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Vanni Fucci di Pistoia is a minor character in Inferno, the first part of Dante Alighieri's epic poem the Divine Comedy, appearing in Cantos XXIV & XXV. He was a thief who lived in Pistoia, as his name ("di Pistoia" meaning "of Pistoia") indicates; when he died, he was sent to the seventh bolgia (round; in Italian, "ditch" or "pouch") of the eighth circle of Hell, where thieves are punished. In that bolgia, his punishment was to be stung by a serpent, reduced to ashes, and then restored to his former shape for more torturing. Dante and Virgil meet him and ask him why he was there. He replied that he stole a treasure from the Church of St. James in his hometown; he had wrongly accused an innocent man, Vanni della Nona, with the crime, for which della Nona was executed. Fucci says he was not caught but he still went to Hell. He then predicts the overthrow of the Florentine Whites to spite Dante and then insults God by making obscene gestures at him, and is attacked by numerous nearby serpents and by the monster Cacus, who was put in the bolgia for stealing Hercules's cattle.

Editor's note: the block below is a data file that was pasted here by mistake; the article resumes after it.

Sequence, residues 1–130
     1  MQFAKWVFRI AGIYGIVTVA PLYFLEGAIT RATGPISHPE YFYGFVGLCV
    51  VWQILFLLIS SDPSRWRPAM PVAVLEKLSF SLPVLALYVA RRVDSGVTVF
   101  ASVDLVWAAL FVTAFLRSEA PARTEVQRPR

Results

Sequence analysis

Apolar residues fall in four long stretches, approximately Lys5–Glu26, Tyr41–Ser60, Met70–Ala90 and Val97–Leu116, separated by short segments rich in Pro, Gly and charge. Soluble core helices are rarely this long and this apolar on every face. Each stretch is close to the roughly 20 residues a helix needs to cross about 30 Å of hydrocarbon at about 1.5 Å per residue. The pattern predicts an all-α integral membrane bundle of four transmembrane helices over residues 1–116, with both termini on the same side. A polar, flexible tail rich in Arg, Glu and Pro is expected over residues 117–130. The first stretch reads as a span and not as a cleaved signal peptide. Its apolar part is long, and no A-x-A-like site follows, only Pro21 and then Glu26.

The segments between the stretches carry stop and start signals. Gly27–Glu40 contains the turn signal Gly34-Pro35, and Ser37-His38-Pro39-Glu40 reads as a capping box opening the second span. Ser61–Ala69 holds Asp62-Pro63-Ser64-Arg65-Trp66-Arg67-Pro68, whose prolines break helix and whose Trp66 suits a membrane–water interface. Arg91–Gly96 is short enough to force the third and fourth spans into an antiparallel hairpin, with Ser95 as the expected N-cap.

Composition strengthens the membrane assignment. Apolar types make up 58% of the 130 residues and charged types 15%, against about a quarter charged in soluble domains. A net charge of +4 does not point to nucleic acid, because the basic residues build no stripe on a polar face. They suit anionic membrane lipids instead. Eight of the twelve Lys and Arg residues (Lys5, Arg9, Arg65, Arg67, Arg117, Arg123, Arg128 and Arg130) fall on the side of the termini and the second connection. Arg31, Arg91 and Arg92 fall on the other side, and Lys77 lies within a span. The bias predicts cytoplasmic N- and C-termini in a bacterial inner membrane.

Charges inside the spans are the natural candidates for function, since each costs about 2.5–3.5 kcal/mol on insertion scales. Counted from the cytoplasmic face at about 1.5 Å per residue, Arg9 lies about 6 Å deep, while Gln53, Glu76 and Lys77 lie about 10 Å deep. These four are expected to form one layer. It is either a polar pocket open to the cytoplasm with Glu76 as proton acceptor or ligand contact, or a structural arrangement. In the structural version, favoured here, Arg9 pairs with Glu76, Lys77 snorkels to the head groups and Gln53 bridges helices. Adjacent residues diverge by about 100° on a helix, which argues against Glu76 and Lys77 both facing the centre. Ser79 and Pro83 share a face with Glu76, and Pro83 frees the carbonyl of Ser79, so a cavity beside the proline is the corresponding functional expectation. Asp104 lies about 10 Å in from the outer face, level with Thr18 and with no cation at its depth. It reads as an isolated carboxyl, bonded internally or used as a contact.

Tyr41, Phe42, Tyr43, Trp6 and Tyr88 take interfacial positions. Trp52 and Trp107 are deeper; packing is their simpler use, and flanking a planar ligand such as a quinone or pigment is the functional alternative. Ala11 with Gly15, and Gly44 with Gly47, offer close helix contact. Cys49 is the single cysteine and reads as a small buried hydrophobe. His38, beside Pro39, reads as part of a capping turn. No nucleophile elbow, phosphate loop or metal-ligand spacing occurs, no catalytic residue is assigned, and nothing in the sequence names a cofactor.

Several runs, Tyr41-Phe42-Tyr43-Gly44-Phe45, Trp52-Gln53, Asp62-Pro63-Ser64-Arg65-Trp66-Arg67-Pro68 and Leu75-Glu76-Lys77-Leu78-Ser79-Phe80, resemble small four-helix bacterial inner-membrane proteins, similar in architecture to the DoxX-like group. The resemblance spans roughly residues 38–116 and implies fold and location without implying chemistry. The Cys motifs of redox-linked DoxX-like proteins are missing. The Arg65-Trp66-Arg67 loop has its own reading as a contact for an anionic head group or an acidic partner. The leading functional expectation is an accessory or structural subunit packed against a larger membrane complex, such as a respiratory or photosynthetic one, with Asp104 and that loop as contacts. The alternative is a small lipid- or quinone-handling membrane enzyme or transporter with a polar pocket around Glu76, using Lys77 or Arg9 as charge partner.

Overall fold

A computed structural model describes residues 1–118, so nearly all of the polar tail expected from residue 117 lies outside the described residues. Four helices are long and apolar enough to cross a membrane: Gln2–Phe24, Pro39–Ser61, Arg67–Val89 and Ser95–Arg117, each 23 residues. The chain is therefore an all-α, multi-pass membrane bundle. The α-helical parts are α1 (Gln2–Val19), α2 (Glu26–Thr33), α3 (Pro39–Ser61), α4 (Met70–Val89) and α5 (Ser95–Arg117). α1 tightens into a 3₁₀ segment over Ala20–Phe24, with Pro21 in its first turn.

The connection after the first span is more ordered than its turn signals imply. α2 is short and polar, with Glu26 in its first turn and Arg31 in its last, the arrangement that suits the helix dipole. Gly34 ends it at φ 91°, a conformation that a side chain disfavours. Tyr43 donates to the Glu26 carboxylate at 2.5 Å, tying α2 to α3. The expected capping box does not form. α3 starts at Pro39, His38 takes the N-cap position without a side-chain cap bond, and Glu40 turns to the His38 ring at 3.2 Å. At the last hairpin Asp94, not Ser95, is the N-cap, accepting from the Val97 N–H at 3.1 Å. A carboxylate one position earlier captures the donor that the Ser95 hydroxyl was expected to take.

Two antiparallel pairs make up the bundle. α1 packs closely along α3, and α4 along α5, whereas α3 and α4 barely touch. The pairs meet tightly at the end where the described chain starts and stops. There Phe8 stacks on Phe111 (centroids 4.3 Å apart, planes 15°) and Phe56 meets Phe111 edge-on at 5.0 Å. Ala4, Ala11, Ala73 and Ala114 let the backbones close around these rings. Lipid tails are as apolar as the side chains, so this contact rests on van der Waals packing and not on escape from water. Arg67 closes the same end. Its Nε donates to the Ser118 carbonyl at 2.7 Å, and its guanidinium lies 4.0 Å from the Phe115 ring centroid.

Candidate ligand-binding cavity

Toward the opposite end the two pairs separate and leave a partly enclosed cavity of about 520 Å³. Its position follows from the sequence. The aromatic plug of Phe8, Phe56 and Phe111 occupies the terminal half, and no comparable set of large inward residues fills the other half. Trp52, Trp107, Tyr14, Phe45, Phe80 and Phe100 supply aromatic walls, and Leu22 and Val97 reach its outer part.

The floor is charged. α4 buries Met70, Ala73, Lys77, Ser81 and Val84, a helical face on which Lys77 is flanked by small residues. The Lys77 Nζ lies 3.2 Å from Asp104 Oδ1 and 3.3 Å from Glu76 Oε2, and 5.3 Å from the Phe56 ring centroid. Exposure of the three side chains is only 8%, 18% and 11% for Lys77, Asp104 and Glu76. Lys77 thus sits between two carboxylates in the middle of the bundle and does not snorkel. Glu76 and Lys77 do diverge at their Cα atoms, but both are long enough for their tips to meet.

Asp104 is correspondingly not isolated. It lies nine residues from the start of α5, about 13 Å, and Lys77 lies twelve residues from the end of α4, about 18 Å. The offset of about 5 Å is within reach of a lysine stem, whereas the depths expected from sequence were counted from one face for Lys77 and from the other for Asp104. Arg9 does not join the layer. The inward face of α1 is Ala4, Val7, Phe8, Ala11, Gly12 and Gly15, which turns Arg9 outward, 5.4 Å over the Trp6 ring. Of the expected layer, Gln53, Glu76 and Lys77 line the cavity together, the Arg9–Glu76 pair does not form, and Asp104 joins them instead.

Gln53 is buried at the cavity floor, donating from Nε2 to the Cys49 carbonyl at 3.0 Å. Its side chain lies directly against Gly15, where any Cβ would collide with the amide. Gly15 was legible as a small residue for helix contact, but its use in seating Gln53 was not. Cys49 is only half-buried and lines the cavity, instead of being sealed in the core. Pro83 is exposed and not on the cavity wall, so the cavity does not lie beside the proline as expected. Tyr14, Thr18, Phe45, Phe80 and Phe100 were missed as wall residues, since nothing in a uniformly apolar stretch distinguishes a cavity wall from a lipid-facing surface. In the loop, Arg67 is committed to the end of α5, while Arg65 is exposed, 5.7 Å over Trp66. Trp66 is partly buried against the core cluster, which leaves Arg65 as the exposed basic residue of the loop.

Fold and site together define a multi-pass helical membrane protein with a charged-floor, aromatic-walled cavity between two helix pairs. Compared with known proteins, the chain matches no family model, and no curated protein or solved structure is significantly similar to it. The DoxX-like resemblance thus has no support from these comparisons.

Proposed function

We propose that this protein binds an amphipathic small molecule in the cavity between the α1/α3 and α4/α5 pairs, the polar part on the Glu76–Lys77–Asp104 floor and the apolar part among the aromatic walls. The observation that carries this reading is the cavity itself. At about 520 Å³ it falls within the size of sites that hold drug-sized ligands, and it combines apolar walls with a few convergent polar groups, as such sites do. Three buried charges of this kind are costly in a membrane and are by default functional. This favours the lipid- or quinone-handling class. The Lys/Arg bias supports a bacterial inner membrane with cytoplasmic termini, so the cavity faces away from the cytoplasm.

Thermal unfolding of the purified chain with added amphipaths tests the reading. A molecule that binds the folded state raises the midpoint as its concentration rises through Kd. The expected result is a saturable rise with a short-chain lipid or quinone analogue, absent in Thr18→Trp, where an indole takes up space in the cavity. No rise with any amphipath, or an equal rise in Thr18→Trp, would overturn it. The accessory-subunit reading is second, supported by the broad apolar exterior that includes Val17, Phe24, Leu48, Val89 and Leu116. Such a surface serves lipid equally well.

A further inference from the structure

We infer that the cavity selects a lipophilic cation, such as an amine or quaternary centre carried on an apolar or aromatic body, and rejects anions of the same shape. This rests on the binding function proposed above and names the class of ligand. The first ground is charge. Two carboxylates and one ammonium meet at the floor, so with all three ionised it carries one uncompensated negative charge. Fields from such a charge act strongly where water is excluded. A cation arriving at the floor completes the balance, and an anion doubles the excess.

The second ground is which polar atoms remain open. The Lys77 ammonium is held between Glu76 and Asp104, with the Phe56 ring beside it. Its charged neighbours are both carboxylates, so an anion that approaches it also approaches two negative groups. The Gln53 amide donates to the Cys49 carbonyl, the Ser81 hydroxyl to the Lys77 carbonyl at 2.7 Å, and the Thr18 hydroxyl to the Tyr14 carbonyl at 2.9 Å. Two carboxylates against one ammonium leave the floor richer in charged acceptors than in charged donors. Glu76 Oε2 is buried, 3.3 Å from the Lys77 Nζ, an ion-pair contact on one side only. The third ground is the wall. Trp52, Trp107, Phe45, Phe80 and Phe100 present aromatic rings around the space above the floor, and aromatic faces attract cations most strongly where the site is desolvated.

Fucci is a major character in Dan Simmons' 1988 short story "Vanni Fucci Is Alive And Well And Living In Hell"; in it, Fucci appears on a corrupt Alabama televangelist's TV show to punish him, his guests and his studio audience. The name is used again in Simmons' 1992 novel The Hollow Man, in which Vanni Fucci is portrayed as a small-time mafioso and thief, whose backstory includes the theft of a chalice from his hometown church, for which his sole regret is that he was unable to fence it. He is also the subject of Alexander Theroux's poem "The Gesture of Vanni Fucci."
- ^ The Lollipop Trollops and Other Poems (Dalkey Archive Press, 1992), 62.